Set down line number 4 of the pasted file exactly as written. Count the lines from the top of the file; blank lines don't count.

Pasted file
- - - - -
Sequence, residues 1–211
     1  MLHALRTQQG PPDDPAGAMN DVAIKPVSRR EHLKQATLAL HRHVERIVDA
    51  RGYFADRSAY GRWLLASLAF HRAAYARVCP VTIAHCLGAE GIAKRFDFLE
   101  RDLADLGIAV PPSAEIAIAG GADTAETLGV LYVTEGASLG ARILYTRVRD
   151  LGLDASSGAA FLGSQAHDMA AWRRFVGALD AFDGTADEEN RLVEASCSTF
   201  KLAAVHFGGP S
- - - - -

   101  RDLADLGIAV PPSAEIAIAG GADTAETLGV LYVTEGASLG ARILYTRVRD